The authors of ‘Wounded Pastors’ are the guests on ‘A Matter of Faith: A Presby Podcast’
by Mike Ferguson | Presbyterian News Service
LOUISVILLE — Ahead of the Jan. 16, 2024 publication of their Westminster John Knox Press book “Wounded Pastors: Navigating Burnout, Finding Healing and Discerning the Future of Your Minister,” authors the Rev. Carol Howard and the Rev. Dr. James Fenimore told the hosts of the podcast “A Matter of Faith: A Presby Podcast” earlier this month that one helpful step congregations can take to help ease the anxiety present in many congregations is to stop blaming their pastors for not doing enough.
While “there are ineffective pastors out there,” Fenimore, a former Methodist minister who’s now a licensed marriage and family therapist, told “A Matter of Faith” hosts the Rev. Lee Catoe and Simon Doong, there’s also “this kind of blanket sense that pastors are the problem.” The thinking among some congregants and even some mid-council leaders is, “if they were better pastors, we wouldn’t have these issues.”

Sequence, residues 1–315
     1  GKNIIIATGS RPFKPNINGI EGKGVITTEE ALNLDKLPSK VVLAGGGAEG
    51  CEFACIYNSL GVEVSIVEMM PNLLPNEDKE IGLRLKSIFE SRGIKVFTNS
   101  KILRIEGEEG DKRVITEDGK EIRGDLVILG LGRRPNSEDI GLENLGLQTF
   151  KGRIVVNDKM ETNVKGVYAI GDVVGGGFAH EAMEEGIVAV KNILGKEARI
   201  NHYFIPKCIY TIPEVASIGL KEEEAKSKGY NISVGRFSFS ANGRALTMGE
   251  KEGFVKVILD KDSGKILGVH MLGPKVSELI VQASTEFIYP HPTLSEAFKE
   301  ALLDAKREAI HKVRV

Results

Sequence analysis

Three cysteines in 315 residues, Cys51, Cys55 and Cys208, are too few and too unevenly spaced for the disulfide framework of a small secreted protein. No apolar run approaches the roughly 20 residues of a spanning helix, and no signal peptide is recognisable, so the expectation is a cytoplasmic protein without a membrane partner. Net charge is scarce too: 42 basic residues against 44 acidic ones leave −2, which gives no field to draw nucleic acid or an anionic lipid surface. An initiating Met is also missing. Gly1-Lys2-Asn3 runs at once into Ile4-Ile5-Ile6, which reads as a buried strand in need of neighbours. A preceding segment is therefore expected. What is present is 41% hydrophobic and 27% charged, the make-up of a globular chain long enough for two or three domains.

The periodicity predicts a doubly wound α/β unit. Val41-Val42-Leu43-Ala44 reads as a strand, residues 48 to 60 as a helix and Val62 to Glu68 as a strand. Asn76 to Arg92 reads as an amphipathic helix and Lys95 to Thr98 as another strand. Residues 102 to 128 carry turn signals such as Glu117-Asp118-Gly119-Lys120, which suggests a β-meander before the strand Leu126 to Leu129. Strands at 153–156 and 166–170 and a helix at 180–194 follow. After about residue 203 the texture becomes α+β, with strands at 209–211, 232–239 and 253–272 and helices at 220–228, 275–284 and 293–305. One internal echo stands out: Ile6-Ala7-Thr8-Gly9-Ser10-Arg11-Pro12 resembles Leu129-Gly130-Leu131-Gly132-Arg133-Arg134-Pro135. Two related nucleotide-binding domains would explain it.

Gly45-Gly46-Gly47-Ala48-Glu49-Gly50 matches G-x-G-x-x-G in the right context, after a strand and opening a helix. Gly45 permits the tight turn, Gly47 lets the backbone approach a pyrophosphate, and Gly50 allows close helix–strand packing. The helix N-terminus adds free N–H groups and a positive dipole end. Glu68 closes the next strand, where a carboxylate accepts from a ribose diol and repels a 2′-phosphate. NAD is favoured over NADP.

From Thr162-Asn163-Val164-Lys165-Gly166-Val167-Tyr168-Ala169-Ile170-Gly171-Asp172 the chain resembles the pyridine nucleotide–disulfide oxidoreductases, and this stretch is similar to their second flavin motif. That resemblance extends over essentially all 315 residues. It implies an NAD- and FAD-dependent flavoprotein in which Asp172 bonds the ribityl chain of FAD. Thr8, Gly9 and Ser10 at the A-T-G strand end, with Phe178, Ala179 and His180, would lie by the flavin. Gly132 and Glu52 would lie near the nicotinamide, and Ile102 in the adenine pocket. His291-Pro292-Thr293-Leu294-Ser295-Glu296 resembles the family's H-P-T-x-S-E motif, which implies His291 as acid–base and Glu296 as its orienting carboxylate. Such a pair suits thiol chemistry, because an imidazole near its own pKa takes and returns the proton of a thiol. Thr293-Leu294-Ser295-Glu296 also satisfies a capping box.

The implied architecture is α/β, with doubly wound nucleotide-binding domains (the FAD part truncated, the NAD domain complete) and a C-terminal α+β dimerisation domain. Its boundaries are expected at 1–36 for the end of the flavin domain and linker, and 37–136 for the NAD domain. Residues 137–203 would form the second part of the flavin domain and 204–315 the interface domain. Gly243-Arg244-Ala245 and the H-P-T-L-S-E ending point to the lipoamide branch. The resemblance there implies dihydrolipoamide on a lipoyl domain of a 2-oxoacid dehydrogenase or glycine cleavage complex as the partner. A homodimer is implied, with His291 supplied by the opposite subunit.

Listen to the 55-minute podcast here. Howard and Fenimore are introduced at the 4:35 mark.
Howard, a Presbyterian pastor and sought-after speaker, said a friend who’s an associate pastor told her that a church member visited this pastor on his first day in a new calling. “I own you,” the man told the pastor. “I give x-amount of money to the church, and that pays your salary. I own you.”
Those pressures “are on top of [pastors] wanting to save the church in some way and our own savior complexes, thinking that if we just work harder or longer, we can turn this around,” Howard said. “It’s hard to create boundaries in a system that doesn’t have them.”